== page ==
UVCS is the result of a collaborative effort between NASA and ASI, with a Swiss participation. SOHO is a mission of international cooperation between ESA and NASA. The author wishes to express his thanks to the anonymous referee for the very helpful comments and suggestions that significantly improved the paper and to S. Giordano for producing Fig. 2 in this paper and for his valuable comments. This work, made possible by the UVCS/SOHO instrument and Flight Operations team, has been originally suggested and encouraged by E. Antonucci, lead observer for this particular UVCS observation.

References

All Figures

thumbnail Fig. 1

LASCO C2 image of the solar corona on 1997 May 1 at 17:31 UT showing comet C/1997 H2 approaching the Sun from northwest (inside red circle).

Open with DEXTER
In the text
thumbnail Fig. 2

Reconstructed image of the H i Lyα light from the comet C/1997 H2 as observed at 8.48 R. The horizontal axis represents the position (expressed in arcsec) along the UVCS slit. Each bin in the vertical direction is given by the product of the single exposure time and the comet velocity in the plane of the sky. Courtesy of S. Giordano.

Open with DEXTER
In the text
thumbnail Fig. 3

H i Lyα radiance profile along the UVCS slit from the exposure containing the nucleus taken near perihelion (red squares and blue diamonds represent data taken north and south of the cometary nucleus). The green dashed curve is a model (Model A) obtained by considering two hydrogen atom populations (vH1 = 20 km s-1, vH2 = 8 km s-1) with QH2O and τH left as free parameters. The green solid curve is a model (Model B) obtained by adding the contribution of a thermalized hydrogen atom population (vH3 = 4 km s-1). See the text for details.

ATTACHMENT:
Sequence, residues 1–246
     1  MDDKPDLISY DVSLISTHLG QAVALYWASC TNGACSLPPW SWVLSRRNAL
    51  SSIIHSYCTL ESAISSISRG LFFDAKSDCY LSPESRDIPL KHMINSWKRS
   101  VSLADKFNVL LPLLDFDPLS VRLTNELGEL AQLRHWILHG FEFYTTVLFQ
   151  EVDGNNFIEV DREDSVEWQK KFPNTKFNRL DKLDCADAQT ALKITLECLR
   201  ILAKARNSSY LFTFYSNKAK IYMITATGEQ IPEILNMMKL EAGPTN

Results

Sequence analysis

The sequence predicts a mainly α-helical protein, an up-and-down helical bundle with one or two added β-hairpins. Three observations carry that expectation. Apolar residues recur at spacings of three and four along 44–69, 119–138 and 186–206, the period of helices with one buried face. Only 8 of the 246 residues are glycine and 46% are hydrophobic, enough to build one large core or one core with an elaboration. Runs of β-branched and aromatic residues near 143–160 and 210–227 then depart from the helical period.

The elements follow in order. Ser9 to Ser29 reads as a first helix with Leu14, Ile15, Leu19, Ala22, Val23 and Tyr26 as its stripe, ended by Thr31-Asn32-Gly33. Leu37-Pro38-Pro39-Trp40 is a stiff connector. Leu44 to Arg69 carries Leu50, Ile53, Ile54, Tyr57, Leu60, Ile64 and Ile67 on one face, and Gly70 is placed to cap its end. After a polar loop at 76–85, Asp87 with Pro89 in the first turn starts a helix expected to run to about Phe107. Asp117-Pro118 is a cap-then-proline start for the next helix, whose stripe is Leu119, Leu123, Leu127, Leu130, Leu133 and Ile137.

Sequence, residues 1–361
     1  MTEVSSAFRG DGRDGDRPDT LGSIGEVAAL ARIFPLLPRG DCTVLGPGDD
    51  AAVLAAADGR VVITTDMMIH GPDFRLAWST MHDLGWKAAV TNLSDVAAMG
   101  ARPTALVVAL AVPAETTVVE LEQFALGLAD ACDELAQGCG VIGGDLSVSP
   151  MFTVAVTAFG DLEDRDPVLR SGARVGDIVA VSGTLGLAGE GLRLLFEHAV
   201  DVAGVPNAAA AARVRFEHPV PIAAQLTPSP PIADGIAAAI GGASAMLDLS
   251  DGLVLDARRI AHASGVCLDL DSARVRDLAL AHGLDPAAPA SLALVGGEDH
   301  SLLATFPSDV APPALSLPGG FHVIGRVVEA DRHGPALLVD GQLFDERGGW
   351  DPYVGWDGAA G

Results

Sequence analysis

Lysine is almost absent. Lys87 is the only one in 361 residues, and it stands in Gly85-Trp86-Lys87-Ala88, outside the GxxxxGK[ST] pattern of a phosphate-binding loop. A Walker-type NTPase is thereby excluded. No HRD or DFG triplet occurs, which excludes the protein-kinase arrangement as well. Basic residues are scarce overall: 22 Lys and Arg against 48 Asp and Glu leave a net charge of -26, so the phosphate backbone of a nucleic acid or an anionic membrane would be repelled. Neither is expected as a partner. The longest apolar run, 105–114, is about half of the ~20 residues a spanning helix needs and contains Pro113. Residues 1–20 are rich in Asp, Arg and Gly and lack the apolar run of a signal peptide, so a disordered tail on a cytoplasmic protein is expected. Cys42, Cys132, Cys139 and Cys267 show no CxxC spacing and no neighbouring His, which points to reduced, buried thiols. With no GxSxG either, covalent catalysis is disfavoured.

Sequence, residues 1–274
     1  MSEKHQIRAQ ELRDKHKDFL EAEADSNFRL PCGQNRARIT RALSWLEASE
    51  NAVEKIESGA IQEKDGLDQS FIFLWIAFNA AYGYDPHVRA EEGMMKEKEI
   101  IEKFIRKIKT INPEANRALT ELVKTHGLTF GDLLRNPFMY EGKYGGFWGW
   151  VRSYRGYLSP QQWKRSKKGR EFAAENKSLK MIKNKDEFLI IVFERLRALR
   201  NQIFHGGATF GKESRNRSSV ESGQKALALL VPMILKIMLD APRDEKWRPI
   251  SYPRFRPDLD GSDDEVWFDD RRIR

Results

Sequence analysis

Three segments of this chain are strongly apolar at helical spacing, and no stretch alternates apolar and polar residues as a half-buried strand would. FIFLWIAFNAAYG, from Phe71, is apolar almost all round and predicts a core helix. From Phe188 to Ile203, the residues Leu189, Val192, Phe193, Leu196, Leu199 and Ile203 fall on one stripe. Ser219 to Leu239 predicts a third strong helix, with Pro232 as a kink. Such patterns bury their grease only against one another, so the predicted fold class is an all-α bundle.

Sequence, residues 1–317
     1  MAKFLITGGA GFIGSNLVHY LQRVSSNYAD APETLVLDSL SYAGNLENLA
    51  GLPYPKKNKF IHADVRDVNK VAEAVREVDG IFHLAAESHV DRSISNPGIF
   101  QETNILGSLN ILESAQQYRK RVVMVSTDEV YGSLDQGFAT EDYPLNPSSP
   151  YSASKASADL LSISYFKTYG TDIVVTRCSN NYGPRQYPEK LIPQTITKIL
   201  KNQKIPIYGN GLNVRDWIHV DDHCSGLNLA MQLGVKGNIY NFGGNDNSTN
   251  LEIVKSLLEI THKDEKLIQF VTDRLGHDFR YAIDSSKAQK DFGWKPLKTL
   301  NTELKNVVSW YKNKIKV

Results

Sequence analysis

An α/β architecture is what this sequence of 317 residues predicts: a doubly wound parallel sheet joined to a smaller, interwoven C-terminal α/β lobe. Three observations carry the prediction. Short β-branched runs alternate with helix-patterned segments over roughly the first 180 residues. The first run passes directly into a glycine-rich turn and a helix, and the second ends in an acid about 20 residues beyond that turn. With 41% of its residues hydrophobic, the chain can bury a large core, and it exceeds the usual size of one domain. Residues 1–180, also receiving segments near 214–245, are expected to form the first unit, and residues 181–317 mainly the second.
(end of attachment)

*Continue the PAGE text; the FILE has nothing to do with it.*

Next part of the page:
Open with DEXTER
In the text

Current usage metrics show cumulative count of Article Views (full-text article views including HTML views, PDF and ePub downloads, according to the available data) and Abstracts Views on Vision4Press platform.

Data correspond to usage on the plateform after 2015. The current usage metrics is available 48-96 hours after online publication and is updated daily on week days.

Initial download of the metrics may take a while.